Exosomes, naturally occurring vesicles secreted by cells, are undergoing development as drug carriers. We used experimental and computational studies to investigate the kinetics of intracellular exosome processing and exosome-mediated drug efflux and the effects of exosome inhibition. The experiments used four human-breast or ovarian cancer cells, a cytotoxic drug paclitaxel (PTX), two exosome inhibitors (omeprazole (OME), which inhibits exosome release, and GW4869 (GW), which inhibits synthesis of sphingolipid ceramide required for exosome formation), LC-MS/MS analysis of PTX levels in exosomes, and confocal microscopic study of endocytic transport (monitored using fluorescent nanoparticles and endocytic organelle markers). In all four cells, exosome production was enhanced by PTX but diminished by OME or GW (p < 0.05); the PTX enhancement was completely reversed by OME or GW. Co-treatment with OME or GW simultaneously reduced PTX amount in exosomes and increased PTX amount and cytotoxicity in exosome-donor cells (corresponding to >2-fold synergy as indicated by curve shift and uncertainty envelope analyses). This synergy is consistent with the previous reports that OME co-administration significantly enhances the taxane activity in tumor-bearing mice and in patients with triple negative metastatic breast cancer. The experimental results were used to develop a quantitative pharmacology model; model simulations revealed the different effects of the two exosome inhibitors on intracellular PTX processing and subcellular distribution. Full article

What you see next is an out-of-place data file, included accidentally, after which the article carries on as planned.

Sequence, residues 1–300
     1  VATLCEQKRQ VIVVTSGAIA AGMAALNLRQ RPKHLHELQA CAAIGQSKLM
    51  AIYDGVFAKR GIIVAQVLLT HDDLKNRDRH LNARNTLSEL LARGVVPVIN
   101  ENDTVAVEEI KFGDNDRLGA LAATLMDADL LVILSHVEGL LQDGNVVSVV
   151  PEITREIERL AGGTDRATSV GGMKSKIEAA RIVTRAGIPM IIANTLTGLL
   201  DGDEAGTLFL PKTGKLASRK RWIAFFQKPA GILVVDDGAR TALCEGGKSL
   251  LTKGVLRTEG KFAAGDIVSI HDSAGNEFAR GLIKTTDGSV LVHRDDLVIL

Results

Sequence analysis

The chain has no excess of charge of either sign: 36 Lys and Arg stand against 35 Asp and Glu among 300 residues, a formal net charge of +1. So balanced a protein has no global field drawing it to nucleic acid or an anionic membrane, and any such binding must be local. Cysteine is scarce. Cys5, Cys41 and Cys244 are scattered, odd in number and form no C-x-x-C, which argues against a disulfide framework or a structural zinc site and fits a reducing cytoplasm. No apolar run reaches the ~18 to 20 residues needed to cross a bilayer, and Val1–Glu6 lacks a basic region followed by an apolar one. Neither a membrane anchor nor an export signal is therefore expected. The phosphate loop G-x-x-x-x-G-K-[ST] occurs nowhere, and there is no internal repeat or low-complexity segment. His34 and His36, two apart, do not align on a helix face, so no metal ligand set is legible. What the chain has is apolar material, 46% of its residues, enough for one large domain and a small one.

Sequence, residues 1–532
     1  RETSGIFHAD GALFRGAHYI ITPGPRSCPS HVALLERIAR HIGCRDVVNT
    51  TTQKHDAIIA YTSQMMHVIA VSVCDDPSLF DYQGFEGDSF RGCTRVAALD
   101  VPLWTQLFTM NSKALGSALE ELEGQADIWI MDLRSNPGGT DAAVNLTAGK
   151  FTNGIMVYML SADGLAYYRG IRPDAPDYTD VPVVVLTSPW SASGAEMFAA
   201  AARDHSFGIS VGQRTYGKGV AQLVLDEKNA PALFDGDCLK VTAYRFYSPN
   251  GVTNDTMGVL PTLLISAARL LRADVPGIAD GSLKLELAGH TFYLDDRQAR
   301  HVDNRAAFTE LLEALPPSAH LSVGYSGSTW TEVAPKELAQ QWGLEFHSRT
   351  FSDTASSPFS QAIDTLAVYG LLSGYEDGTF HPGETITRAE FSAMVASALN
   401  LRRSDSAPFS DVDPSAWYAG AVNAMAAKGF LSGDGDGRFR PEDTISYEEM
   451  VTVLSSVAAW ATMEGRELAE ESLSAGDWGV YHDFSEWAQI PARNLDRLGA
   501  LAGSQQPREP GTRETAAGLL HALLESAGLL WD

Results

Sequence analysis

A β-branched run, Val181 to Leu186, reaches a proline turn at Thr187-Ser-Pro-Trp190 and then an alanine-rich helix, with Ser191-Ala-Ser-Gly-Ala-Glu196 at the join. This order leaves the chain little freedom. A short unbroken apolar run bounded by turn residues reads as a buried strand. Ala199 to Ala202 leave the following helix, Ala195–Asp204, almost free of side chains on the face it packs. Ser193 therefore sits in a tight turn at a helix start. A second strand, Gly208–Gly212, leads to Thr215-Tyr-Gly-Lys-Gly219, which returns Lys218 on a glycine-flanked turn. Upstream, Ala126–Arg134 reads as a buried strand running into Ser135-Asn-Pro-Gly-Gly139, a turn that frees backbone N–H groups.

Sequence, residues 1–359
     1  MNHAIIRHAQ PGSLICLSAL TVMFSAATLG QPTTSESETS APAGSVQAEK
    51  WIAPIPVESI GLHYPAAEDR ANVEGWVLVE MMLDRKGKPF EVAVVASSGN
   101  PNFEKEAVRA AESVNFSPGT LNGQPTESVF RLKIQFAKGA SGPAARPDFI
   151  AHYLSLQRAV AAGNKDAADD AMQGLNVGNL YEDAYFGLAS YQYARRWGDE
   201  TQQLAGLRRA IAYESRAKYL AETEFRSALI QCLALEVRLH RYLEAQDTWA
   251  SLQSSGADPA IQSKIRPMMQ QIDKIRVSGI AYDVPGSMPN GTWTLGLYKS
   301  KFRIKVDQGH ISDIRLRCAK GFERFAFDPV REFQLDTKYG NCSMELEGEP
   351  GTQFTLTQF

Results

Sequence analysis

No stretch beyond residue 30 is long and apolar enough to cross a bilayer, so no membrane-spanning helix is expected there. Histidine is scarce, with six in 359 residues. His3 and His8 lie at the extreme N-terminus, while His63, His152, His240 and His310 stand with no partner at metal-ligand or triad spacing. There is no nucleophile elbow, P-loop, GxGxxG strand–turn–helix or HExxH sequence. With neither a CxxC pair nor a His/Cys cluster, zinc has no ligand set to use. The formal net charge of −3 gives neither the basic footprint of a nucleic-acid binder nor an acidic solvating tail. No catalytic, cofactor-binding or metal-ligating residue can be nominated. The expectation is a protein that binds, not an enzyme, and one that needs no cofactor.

(This article belongs to the Special Issue Protein-Based Nanoparticles for Drug Delivery)
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9 pages, 1439 KiB  
Article
Biodistribution and Pharmacokinectics of Liposomes and Exosomes in a Mouse Model of Sepsis
by Amin Mirzaaghasi, Yunho Han, So-Hee Ahn, Chulhee Choi and Ji-Ho Park
Pharmaceutics 2021, 13(3), 427; https://doi.org/10.3390/pharmaceutics13030427 - 22 Mar 2021
Cited by 28 | Viewed by 4987
Abstract
Exosomes have attracted considerable attention as drug delivery vehicles because their biological properties can be utilized for selective delivery of therapeutic cargoes to disease sites. In this context, analysis of the in vivo behaviors of exosomes in a diseased state is required to [...] Read more.